Last year — after 12 years of not growing any beds of annuals — I decided to create two island beds of wildflowers in a relatively small rectangle of wild-grassy area that’s framed by my borders in the back of our property. One would be twice the length of the other and their shape would be oblong ovals.
Bill and I didn’t want to go through any major soil preparation work. I wanted to experiment — and if it worked — great. And if it didn’t we could just mow it down with the lawn mower.
The idea was to plant white clover all around the perimeter of each bed. This had several purposes. White clover is beautiful and bees love it. It can be mowed down and will come right back. It helps choke out weeds and keeps them from encroaching into the middle of the bed where I planned to sow poppies. Once established these bed should be able to pretty much take care of themselves with minimum attention from me.
In the middle of the smaller bed I sowed California poppies. In the middle of the larger bed I sowed Red poppies.
The results were spectacular. For more pictures and details on preparation see my original post.
And Then What Happened?
The poppies reseeded themselves and I also gathered seed to save.
The clover came back thick and lush except for in a few spot where the seed had washed away in the original sowing. The spots have been reseeded and when they germinate they should close in the openings this year.
In late winter when it was mild with nice rains, the self-sown poppies germinated. There were seemingly hundreds of them coming up in the middle of both beds. Absolutely ideal. The seedlings were very small. In the middle of all that wonderful weather — we had a freeze. The seedlings died.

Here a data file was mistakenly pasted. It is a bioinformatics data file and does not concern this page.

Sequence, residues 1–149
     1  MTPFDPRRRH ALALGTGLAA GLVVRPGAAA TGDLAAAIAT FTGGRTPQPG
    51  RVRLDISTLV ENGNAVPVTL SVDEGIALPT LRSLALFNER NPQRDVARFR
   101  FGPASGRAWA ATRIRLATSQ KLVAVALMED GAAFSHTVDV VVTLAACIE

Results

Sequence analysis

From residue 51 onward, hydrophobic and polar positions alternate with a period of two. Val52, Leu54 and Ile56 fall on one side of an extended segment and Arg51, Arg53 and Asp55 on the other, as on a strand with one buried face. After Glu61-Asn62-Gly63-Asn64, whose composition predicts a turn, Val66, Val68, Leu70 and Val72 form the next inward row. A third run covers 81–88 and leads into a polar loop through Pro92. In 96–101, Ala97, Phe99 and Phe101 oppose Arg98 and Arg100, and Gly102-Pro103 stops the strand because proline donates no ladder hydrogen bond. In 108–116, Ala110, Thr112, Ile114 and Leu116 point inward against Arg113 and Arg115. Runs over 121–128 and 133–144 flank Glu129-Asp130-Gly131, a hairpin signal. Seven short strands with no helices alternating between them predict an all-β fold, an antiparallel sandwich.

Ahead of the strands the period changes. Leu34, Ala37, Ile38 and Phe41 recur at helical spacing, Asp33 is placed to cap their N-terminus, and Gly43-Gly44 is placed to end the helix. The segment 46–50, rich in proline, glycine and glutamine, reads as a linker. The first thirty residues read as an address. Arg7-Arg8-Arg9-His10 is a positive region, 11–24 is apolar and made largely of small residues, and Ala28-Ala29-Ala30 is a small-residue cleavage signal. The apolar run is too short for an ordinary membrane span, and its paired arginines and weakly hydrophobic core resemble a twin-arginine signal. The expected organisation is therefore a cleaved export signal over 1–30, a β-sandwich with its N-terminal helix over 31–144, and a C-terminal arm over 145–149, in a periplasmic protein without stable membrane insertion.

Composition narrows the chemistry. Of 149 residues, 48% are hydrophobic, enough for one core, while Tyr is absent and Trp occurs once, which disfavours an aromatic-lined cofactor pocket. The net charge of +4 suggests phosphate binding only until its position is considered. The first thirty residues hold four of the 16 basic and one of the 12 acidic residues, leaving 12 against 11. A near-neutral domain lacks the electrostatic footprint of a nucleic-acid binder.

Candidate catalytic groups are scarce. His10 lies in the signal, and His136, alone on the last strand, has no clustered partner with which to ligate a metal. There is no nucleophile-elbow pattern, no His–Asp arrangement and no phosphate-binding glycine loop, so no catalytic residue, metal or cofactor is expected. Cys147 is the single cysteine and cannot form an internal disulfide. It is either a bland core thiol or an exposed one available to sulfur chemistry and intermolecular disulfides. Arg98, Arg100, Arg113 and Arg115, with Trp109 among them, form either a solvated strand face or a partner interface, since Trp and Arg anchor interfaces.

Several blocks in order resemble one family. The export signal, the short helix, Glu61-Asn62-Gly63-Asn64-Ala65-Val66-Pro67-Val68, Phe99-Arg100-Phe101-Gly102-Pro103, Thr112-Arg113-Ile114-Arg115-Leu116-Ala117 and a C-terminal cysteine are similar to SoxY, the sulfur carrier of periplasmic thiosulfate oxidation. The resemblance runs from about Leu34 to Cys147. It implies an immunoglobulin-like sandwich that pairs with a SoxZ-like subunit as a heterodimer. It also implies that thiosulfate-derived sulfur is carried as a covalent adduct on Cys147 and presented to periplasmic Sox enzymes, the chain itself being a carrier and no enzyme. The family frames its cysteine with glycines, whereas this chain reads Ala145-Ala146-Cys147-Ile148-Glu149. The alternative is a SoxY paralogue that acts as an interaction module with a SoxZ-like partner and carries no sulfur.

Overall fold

There’s Always a Silver Lining
However, I had noticed that in addition to the small seedlings there were good sized poppy plants coming up IN the clover and along the outside edge of the clover. These did wonderfully through the freeze and kept right on going. They are now in bloom.
Final Words – Great Potential for these Easy Care Beds in Spite of the Set Backs
Since the freeze I sowed the poppy seed that I had saved into the beds and sprinkled lightly with straw. Since then we’ve had no rain — or at least nothing more than a drizzle or two. No seed has germinated.
I’m hoping this spring drought will break and that when we get rain the seed will take off and still make an even more spectacular show than last year. In spite of the set backs of the freeze and the spring drought, I see great potential for these two beds of easy-care annuals.
Source for Wildflower Seed: Vermont Wildflower Farm
Organic Gardening is easy, effective, efficient — and it’s a lot healthier.
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